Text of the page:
Growing Up at 15: The Story of a Teenage Breast Cancer Survivor

Jennifer Galvan

by Jennifer Galvan | October 24, 2011 @ 08:00AM

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15 Year Old Breast Cancer Survivor SarahOur teen years are usually made up of struggles involving puppy love, bad skin, and terrible times in high school. But for 15 year old Sarah Budulica, these trivial problems were nothing compared to the news she received – breast cancer. Originally from Australia and having traveled to Africa with family at the age of 11, it was there that she first discovered the lump on her right breast – just weeks away from her Sweet 16. Sarah recalls “when I discovered the lump I went straight to my dad as he was the only one home at the time…my mum was in Australia.”

Sarah then went to have the lump checked out – mammograms confirmed that she had breast cancer. In the following weeks, the lump grew quickly and it was decided that the best option was to operate and remove it. With no time to spare, Sarah underwent surgery while still in Africa. However, post-surgery, doctors discovered that there were two lumps growing in different locations. Shortly after and hearing that it was on the border of malignancy, Sarah returned to Australia to undergo more intensive treatments and additional surgeries. Now, at 19 years old, Sarah is ready to undergo her fifth and final (hopefully!) surgery – breast reconstruction.

“I’ve had all the expanding done (with the tissue expander that they put in my chest) where my breast used to be and I had my last injection on September 20th. Now I don’t have another appointment ['til] November 22nd. Then I’m hoping from there that they will set a date for the actual reconstruction surgery for the last touchups.”

When asked about the type of reconstruction she will undergo, Sarah replied, “As far as the method of reconstruction, I didn’t really have a choice on how to go about it because I had very little to work with, so we ended up flipping my [latissimus] dorsi flap on my right and over my right side of my chest and put the tissue expander under it.”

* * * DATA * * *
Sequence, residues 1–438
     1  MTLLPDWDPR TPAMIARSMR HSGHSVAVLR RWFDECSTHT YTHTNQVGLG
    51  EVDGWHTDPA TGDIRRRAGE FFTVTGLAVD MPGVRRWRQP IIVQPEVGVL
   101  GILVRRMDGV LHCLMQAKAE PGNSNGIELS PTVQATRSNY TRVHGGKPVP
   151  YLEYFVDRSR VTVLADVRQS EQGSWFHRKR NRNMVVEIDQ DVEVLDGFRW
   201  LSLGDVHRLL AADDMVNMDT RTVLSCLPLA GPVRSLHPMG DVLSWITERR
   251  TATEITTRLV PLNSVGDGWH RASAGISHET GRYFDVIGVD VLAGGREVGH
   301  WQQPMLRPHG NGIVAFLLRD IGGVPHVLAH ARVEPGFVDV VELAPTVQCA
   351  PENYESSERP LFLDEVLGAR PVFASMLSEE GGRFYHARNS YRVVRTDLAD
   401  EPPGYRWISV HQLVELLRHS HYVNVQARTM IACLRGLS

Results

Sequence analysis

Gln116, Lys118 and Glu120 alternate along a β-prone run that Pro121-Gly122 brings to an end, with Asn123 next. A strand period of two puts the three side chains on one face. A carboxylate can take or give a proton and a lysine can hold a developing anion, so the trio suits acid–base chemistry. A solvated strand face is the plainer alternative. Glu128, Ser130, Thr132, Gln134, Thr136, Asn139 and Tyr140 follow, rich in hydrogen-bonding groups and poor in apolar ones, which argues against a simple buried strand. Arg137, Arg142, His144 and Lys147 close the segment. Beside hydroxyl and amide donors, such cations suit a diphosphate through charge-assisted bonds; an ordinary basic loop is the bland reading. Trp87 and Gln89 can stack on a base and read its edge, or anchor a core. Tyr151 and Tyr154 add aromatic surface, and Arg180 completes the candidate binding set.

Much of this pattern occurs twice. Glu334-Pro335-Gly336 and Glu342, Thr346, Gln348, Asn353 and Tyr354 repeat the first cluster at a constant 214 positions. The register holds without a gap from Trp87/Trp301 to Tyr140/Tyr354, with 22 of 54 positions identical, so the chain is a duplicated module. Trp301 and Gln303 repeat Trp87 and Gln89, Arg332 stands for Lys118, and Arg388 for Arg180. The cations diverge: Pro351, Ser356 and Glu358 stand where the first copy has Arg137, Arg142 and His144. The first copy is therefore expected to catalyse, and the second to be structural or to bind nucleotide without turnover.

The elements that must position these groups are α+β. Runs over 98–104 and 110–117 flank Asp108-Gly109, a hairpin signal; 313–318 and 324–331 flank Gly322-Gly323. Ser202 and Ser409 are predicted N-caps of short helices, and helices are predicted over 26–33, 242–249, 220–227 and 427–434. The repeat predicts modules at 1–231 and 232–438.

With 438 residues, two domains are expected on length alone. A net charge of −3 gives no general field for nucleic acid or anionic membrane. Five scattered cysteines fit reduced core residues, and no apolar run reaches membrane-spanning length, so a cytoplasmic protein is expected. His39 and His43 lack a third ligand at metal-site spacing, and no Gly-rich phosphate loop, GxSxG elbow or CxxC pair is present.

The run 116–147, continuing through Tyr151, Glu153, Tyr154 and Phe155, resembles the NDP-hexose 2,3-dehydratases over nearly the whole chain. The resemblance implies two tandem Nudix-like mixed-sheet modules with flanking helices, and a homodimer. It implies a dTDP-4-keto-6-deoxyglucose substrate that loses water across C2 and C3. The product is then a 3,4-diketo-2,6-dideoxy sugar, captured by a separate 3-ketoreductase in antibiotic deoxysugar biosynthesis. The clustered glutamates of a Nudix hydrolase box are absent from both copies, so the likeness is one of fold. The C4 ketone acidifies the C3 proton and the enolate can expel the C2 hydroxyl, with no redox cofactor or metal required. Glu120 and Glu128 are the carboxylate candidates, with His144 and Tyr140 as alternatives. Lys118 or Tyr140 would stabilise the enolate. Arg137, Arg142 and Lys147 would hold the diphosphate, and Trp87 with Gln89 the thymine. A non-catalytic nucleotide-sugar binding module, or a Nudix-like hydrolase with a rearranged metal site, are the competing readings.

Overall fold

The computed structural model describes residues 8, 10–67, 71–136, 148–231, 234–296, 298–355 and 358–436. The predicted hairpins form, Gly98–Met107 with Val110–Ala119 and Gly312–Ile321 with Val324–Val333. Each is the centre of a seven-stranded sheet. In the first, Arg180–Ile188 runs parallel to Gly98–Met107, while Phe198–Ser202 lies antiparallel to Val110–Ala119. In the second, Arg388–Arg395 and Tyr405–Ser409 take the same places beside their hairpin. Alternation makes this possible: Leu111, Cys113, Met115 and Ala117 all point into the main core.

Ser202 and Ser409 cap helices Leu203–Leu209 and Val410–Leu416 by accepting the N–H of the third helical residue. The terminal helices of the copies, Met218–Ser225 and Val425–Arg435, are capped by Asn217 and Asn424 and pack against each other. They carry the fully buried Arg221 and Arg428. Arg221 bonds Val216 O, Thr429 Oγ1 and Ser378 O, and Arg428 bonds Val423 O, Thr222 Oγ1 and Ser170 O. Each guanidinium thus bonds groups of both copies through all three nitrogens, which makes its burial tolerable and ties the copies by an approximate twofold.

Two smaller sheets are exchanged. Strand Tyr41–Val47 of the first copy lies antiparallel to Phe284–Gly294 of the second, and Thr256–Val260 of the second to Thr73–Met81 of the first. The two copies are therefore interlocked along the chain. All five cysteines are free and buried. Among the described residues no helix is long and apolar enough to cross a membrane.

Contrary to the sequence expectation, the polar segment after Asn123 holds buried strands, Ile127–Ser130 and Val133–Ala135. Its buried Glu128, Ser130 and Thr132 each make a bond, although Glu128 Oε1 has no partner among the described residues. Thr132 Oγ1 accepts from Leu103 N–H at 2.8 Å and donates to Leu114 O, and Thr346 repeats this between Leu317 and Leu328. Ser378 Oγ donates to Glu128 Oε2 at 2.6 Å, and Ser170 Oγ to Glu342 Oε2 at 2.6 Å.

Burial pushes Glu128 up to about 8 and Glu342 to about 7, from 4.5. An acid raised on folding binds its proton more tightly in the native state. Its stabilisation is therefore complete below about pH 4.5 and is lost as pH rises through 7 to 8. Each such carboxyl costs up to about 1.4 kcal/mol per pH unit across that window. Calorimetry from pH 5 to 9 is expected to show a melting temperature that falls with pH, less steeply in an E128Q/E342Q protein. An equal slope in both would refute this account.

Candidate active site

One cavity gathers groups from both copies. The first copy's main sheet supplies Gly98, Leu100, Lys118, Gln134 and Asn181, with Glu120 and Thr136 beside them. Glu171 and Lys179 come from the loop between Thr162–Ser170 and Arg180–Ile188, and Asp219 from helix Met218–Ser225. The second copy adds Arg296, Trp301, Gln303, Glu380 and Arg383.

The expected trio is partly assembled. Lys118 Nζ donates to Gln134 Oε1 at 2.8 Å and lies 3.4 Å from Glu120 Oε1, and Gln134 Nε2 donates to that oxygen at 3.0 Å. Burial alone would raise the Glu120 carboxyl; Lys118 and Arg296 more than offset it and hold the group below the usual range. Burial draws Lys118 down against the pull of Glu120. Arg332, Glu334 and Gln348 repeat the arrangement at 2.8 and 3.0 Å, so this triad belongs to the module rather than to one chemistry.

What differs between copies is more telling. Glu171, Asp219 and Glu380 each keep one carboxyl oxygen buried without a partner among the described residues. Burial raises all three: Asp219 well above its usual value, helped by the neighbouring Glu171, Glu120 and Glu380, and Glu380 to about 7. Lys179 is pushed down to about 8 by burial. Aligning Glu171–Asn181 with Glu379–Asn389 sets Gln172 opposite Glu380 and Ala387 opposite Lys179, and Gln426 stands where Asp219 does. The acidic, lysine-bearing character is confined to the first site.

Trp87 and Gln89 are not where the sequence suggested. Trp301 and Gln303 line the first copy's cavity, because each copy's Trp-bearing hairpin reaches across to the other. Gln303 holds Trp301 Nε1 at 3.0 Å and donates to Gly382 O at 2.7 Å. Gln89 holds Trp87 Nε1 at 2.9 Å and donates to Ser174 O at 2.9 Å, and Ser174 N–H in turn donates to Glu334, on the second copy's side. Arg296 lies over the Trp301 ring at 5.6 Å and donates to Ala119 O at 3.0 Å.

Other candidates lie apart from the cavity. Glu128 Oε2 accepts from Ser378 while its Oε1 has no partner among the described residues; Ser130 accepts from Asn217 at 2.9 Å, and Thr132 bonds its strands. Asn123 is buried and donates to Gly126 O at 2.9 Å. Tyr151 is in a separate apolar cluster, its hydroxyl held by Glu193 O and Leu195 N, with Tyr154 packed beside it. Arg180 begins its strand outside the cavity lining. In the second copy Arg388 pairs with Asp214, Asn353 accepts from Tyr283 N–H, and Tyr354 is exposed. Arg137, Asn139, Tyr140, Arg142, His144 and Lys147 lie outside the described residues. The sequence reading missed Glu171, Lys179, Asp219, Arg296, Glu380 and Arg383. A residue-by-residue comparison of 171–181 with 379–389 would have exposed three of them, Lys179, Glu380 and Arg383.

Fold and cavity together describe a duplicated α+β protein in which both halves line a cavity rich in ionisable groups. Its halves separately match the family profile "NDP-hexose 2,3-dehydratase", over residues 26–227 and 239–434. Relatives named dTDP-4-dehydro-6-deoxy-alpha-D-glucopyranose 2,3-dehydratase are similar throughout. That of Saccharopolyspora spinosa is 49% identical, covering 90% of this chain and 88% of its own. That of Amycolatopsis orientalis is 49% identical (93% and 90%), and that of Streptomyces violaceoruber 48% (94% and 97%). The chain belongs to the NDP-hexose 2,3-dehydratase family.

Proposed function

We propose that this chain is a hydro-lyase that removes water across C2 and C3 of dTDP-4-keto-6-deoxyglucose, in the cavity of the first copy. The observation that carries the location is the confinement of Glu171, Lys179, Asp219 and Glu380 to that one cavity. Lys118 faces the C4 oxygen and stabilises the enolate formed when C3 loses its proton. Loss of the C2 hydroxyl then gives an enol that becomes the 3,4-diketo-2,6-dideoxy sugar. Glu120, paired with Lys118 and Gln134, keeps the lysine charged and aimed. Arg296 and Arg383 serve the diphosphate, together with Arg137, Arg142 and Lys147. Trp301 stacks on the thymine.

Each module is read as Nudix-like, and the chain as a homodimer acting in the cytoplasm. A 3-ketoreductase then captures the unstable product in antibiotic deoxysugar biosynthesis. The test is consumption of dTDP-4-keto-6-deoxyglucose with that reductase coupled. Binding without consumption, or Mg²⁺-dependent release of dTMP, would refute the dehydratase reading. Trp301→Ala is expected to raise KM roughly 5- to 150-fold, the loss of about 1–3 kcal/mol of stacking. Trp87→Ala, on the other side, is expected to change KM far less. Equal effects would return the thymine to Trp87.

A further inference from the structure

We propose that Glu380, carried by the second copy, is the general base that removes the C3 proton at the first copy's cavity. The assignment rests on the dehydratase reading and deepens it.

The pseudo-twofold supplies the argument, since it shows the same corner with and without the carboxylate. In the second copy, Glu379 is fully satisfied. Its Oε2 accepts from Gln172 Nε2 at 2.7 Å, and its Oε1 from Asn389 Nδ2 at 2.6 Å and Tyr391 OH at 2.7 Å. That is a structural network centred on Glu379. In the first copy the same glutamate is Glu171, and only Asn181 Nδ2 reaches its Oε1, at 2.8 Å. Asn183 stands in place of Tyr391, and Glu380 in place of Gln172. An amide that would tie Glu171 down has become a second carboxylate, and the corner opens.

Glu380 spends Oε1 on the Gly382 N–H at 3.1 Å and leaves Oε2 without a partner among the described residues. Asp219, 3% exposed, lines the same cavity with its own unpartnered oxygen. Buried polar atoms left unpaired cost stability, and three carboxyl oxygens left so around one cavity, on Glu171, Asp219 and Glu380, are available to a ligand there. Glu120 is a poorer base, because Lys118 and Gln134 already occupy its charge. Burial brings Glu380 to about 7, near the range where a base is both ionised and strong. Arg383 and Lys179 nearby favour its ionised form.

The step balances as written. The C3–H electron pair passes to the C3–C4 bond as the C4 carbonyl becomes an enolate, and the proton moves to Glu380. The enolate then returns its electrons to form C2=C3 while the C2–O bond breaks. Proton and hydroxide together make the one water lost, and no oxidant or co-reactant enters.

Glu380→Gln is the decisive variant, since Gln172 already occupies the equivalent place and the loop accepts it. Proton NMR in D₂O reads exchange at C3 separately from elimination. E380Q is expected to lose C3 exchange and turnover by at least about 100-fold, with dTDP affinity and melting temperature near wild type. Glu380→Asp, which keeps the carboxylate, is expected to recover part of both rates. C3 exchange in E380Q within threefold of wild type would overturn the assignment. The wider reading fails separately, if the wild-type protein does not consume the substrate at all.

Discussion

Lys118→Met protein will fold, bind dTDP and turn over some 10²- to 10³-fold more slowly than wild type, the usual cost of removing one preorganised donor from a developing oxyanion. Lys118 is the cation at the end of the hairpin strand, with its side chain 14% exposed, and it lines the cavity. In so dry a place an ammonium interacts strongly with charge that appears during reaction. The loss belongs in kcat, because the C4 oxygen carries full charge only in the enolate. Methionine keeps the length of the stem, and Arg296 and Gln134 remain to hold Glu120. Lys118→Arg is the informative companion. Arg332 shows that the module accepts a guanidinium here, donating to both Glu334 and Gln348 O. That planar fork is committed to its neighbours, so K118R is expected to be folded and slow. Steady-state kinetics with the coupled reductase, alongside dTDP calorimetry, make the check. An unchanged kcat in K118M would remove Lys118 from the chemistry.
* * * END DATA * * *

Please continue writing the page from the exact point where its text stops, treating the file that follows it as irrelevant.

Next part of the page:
Breast cancer is life changing event at any age, but when someone as young as Sarah is diagnosed, what kind of support is out there? She comments, “As far as support goes, it was mostly friends and family. There weren’t really many groups of stuff like that for younger woman with breast cancer; although I did attend a few ‘look good feel better’ things (where the women go to try makeup and get free makeup) and I was always the youngest…there wasn’t really much support out there for people my age going through breast cancer.” Since her diagnoses, Sarah also says that she hasn’t really come across anyone else as young as she was – with the youngest usually being in their early 20s.

Although Sarah has undergone a lot over the last few years, she continues to remain positive every step of the way. “Sure, you’ll have your times when you just need to be alone and cry it out. I know it’s hard at times but it sure makes a difference,” she says in regards to having a positive attitude. She continues, “Think positive and live life as if nothing was wrong.”

We are definitely thinking positively on this side of the world and wishing her all the best in her upcoming reconstruction procedure. As we wrap up National Breast Cancer Awareness month and we hear the story of Sarah's fight at such a young age, we are reminded that it's never too early to be aware of your breasts and the dangers of breast cancer.

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